Mr Earnest Debrah, Minister of Food and Agriculture, has said that in order to prevent the introduction of quarantine pests and promote safe trade, countries must set appropriate requirements for imports.
Such requirements, he said, are set through pest risk analysis which involves the process of evaluating biological or other scientific and economic evidence to determine whether a pest should be regulated or any sanitary measures be applied.
These were contained in a speech read on his behalf by Madam Millie K. Boamah, Deputy Director, Plant Protection and Regulatory Services, at a five-day Pest Risk Analysis Workshop organized by the United Nations Food and Agriculture Organisation (FAO) in Accra.
Participating countries are Cote d'Ivoire, Benin, Burkina Faso, Togo, Niger, Mali, Gabon, Cameroun and Senegal.
Mr. Debrah said decision makers must therefore create a conducive atmosphere by providing adequate resources for the conduct of Pest Risk Analysis (PRA) with little interference.
He said the rate of population growth in Africa requires revolutionary means for ensuring that every one is fed through introduction of proven varieties of seed which could also serve as a pathway for the introduction of pests.
Mr Debrah said there were pest occurrences and for that matter there should be a comprehensive PRA based on national pest surveillance data and previous interceptions but unfortunately, due to limited capacities and capabilities, most African countries do not have up-to-date information or pest surveillance, interception and checklist for pests.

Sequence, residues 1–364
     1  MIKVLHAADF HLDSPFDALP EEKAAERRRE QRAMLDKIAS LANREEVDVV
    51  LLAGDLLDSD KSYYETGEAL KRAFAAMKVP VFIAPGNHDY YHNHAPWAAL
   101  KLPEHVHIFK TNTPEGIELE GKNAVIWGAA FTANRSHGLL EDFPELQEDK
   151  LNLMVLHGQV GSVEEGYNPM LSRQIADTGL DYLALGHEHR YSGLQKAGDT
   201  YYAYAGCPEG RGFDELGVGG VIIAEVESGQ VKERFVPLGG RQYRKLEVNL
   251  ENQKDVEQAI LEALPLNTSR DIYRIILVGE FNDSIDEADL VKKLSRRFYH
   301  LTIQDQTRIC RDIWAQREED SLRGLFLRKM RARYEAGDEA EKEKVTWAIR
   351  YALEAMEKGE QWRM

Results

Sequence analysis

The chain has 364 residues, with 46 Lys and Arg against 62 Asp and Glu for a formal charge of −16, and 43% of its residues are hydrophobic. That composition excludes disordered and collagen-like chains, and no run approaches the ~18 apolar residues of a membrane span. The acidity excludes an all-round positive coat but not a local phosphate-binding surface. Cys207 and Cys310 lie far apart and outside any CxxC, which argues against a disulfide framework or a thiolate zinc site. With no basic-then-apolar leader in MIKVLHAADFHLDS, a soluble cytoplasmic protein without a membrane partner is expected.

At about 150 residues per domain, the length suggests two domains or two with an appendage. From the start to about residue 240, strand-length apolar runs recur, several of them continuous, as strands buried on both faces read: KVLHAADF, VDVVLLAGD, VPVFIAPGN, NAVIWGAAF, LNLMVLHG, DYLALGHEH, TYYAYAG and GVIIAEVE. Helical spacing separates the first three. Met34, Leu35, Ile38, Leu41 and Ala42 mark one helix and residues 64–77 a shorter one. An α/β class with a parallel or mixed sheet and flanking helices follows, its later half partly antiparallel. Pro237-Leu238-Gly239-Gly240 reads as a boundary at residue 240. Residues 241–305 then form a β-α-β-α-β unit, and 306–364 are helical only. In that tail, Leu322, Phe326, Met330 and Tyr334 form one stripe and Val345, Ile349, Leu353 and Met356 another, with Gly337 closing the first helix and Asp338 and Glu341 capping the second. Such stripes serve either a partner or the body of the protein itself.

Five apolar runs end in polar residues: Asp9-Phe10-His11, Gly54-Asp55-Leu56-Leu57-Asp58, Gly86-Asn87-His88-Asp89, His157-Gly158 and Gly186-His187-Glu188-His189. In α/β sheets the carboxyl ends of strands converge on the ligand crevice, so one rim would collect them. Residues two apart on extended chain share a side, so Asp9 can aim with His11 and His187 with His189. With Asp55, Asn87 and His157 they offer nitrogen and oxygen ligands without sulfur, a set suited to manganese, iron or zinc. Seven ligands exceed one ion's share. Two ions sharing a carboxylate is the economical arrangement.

He appealed to the FAO to initiate programmes where trained personnel are given equipment and other materials to undertake joint PRA in their Zones.
Mr Debrah said when this happens and similar mitigation measures are applied, countries would be protected from the introduction of and spread of pests of quarantine significance.
Mr. Tesfai Tecle, Officer-in-Charge of FAO Regional Office for African, supported the idea for the provision of resources to control spread of pests, saying that, the participation in the workshop recognizes the importance of fully functional national phyto-sanitary service.
Mr Tecle said it also recognize that, a fully functional service cannot be effective without a clear understanding of import regulatory systems, the international treaties, standards and principles that guide phyto-sanitary action and their implications of countries